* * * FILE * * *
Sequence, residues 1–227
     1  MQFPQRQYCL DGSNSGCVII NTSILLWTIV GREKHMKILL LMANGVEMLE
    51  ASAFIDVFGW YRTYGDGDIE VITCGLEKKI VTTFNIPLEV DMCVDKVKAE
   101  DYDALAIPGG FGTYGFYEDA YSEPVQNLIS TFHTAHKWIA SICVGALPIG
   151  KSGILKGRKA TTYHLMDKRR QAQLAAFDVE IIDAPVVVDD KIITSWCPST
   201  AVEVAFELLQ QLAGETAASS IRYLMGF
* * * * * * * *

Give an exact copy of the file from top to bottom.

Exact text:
Sequence, residues 1–227
     1  MQFPQRQYCL DGSNSGCVII NTSILLWTIV GREKHMKILL LMANGVEMLE
    51  ASAFIDVFGW YRTYGDGDIE VITCGLEKKI VTTFNIPLEV DMCVDKVKAE
   101  DYDALAIPGG FGTYGFYEDA YSEPVQNLIS TFHTAHKWIA SICVGALPIG
   151  KSGILKGRKA TTYHLMDKRR QAQLAAFDVE IIDAPVVVDD KIITSWCPST
   201  AVEVAFELLQ QLAGETAASS IRYLMGF